1. Helium has the highest first ionisation energy. The first electron removed in helium has no shielding effect and is very close to the nucleus so it requires a lot of energy to remove. The ionisation energy is higher than hydrogen because it has more protons.
  2. First ionisation energy decreases down a group. As you go down a group, there is an additional shell for each element so the outer electrons are further from the nucleus and have a weaker attraction to it. This means that less energy is required to remove the first electron. This is shown in the graph by its general downward slant.
  3. Electrons are removed more easily from orbitals containing two electrons due to electron-electron repulsion. There are also changes in first ionisation energy across a period. This can be seen in the spikes in the graph for Helium, Beryllium, Neon, Magnesium and Argon. All of these elements contain their outer electrons in doubly occupied orbitals Patterns across a period are referred to as periodicity.
  4. First ionisation energy generally increases across a period. The number of protons in the nucleus increases across a period, while the shielding remains the same. There is therefore an increasing attraction of the outer electrons to the nucleus which makes it harder for an electron to be removed from the outer shell. We can see this in the increase in ionisation energies between lithium and neon.


Magnesium and Aluminium– between Magnesium (\text{Mg}) and Aluminium (\text{Al}), there is a drop in the 1st ionisation energyThis happens because:

  • The outer electron of \text{Mg} is in the 3s subshell while the outer electron of \text{Al} is in the 3p subshell.
  • So when removing an electron from the outer shell of (\text{Al}), the electron is being removed from a 3p subshell which has a higher energy than the 3s subshell.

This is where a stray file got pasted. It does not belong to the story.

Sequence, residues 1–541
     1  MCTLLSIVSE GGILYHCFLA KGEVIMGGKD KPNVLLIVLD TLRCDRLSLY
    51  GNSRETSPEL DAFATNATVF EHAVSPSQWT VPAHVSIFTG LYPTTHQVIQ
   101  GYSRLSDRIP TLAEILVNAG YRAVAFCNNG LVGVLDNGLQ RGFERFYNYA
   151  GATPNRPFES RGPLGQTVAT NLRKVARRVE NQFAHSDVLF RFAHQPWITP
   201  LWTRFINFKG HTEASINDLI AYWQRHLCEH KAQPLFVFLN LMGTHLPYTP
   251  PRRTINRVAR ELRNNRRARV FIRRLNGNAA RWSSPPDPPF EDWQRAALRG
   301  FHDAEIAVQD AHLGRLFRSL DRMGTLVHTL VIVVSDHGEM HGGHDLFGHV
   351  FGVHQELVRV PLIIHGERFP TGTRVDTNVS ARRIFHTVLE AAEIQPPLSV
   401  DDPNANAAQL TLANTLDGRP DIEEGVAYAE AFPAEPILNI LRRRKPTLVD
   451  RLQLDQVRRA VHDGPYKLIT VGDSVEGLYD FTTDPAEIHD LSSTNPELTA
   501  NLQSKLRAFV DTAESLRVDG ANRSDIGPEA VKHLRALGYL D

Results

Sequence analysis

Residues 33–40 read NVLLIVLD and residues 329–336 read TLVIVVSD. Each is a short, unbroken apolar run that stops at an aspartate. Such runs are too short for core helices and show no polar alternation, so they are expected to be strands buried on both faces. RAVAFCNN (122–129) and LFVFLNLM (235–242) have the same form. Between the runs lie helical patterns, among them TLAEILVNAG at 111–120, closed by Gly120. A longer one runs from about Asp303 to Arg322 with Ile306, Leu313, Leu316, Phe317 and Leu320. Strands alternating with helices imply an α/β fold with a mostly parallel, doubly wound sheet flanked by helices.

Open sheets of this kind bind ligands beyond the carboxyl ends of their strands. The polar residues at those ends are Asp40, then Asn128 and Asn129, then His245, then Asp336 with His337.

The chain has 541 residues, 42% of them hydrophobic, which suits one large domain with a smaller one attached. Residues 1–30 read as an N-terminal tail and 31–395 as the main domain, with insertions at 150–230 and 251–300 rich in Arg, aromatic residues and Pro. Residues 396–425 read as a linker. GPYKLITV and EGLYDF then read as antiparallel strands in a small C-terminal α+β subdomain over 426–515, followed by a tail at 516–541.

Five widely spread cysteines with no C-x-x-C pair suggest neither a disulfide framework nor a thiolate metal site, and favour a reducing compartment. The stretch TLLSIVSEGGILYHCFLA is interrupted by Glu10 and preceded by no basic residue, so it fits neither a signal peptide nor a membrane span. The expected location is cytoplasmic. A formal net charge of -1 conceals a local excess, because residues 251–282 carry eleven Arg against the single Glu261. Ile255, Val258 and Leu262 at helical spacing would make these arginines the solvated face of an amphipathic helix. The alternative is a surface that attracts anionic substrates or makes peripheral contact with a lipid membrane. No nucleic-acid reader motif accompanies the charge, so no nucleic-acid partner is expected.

• The higher energy level makes it easier for an electron to be removed, decreasing the energy required to remove the electron.

Phosphorous and Sulfur– there is also a drop in 1st ionisation energy, between Phosphorus (\text{P}) and Sulfur (\text{S}). This happens because:

  • Although the outer electrons in both phosphorous and sulfur are in 3p orbitals, the outer electron of sulfur is paired up with another electron while the outer electron of phosphorous is not.
  • This causes a small repulsion between the two electrons making it easier for an electron to be removed.


Note: For the graph of the second ionisation energy of elements, the graph is shifted one to the left.

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Ionisation Energies Example Questions

The enthalpy change when one mole of gaseous ions with a single positive charge forms one mole of gaseous ions with a double positive charge. 

\text{Mg}^+\text{(g) ---> Mg}^{2+}\text{(g)  +  e}^{-} 

  • Outer electron in neon is removed from a shell of lower energy OR smaller atom OR electron nearer to the nucleus. 
  • Electron is removed from 2p rather than from 3s subshell.
  • For aluminium: (third) electron in (3) p sub-shell. 
  • Sub-shell further away from nucleus OR of higher energy OR extra shielding.
  • For sulphur: Pair of electrons in (3) p orbital. 
  • Repulsion between electrons.